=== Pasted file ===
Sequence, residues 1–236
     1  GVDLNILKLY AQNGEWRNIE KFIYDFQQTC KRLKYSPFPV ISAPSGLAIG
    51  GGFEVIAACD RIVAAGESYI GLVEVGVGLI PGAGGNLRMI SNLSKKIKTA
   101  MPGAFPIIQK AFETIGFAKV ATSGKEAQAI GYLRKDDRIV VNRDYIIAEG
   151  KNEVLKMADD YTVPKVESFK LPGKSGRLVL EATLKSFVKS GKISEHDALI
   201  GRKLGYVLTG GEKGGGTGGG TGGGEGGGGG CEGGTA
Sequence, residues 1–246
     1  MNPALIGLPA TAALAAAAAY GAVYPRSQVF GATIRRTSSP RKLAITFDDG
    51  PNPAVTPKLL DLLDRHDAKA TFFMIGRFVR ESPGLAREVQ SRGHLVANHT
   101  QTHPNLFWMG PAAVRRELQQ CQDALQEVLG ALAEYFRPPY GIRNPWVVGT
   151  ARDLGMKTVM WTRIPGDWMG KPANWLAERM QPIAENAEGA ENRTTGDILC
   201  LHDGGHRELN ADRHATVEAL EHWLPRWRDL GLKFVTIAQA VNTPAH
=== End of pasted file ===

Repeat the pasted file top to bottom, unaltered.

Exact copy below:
Sequence, residues 1–236
     1  GVDLNILKLY AQNGEWRNIE KFIYDFQQTC KRLKYSPFPV ISAPSGLAIG
    51  GGFEVIAACD RIVAAGESYI GLVEVGVGLI PGAGGNLRMI SNLSKKIKTA
   101  MPGAFPIIQK AFETIGFAKV ATSGKEAQAI GYLRKDDRIV VNRDYIIAEG
   151  KNEVLKMADD YTVPKVESFK LPGKSGRLVL EATLKSFVKS GKISEHDALI
   201  GRKLGYVLTG GEKGGGTGGG TGGGEGGGGG CEGGTA
Sequence, residues 1–246
     1  MNPALIGLPA TAALAAAAAY GAVYPRSQVF GATIRRTSSP RKLAITFDDG
    51  PNPAVTPKLL DLLDRHDAKA TFFMIGRFVR ESPGLAREVQ SRGHLVANHT
   101  QTHPNLFWMG PAAVRRELQQ CQDALQEVLG ALAEYFRPPY GIRNPWVVGT
   151  ARDLGMKTVM WTRIPGDWMG KPANWLAERM QPIAENAEGA ENRTTGDILC
   201  LHDGGHRELN ADRHATVEAL EHWLPRWRDL GLKFVTIAQA VNTPAH